If two or more singular subjects are linked by `and` with each other, the plural verb is used. Example: The subject is plural, the bears, so used because it is the plural form. Few students who play football have missed class. CDs are plural, but that`s not the point. The theme, owner, is unique, so the answer is. Words that are associated with a singular subject, with, in addition or clinging and therefore have no influence on the number of verbs. For example, he is a good boy. (Singular subject, singular verb) These are good players (plural subject, plural) However, it must be kept in mind that if the individuals who make up the collective noun are thought of, it can take a plural verb. Example: Inventor is the subject, not a gadget, so the verb must be singular.
When a composite subject is connected or connected, the verb agrees with the subject closest to it. In this case, the dime is singular, so the verb must be singular. Identify the subject and verbt the following sentence as singular or plural: Since the subject`s stomach is singular, the singular form of the verb, grunts, must be used. The subject and verb of this sentence are indeed plural. No one in the classroom is able to answer the question about yesterday`s chord verb. As we are talking about more than one person, the plural form of the verb is used. If the subject of the verb is a relative pronoun, it is important to ensure that the verb in number and in person matches the parent`s precursor. For example: Question 2. Specify whether the verbs highlighted in the sentences below have been used in their transitive or intransitive forms.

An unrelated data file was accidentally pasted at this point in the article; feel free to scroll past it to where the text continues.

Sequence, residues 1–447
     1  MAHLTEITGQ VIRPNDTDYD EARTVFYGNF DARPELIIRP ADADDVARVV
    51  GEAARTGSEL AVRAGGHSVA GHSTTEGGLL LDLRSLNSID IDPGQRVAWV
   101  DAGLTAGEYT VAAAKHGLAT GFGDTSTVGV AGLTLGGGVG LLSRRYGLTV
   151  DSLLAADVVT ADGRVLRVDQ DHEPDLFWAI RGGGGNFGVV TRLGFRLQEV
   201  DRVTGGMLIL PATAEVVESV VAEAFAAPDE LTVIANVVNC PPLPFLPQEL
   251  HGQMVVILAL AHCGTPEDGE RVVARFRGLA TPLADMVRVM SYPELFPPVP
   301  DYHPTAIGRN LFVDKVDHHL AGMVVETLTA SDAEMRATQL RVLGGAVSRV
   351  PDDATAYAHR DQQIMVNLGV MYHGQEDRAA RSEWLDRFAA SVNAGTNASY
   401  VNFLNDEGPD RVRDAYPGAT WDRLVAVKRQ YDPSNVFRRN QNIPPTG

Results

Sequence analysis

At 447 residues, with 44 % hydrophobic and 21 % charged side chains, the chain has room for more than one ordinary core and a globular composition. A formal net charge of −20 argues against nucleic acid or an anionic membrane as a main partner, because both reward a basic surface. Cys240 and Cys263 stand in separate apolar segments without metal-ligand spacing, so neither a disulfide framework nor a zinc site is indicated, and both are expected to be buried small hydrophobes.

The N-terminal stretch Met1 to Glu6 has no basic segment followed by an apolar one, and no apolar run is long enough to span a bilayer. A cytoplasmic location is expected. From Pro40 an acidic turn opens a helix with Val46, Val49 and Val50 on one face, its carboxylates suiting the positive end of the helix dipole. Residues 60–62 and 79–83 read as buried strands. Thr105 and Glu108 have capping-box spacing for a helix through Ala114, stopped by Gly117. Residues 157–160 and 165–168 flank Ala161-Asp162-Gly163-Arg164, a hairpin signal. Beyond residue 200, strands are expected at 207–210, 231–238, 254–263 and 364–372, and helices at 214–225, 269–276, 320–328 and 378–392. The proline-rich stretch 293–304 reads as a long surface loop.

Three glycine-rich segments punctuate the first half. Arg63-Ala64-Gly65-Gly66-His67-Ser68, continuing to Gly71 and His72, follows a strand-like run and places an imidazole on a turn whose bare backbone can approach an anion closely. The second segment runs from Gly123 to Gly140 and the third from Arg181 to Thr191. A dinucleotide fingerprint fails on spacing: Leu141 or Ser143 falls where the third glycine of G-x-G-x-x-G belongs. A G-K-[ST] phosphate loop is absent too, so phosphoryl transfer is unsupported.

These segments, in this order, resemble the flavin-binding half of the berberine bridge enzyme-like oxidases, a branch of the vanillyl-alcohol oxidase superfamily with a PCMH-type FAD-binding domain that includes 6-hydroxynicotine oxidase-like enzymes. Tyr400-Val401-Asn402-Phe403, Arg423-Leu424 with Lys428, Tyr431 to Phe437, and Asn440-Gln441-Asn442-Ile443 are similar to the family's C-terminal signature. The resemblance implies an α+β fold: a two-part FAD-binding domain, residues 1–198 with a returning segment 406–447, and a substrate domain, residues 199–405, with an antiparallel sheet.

(i) Ants fought wasps. (ii) Some ants struggle hard. (iii) Ring the bell, Rama. iv) The vessel was shipped quickly. (v) This horse never happens. Answer: (i) Transitivist (ii) Intransitiv (iii) Transitivist (iv) Intransitiv (v) Intransitive Title of a book, play, history, musical composition and country name, although the plural adopts in the form a singular verb. Example: two or more subjects related by `or`, `nor`, `neither`, `neither` or `nor`, take a verb in the singular.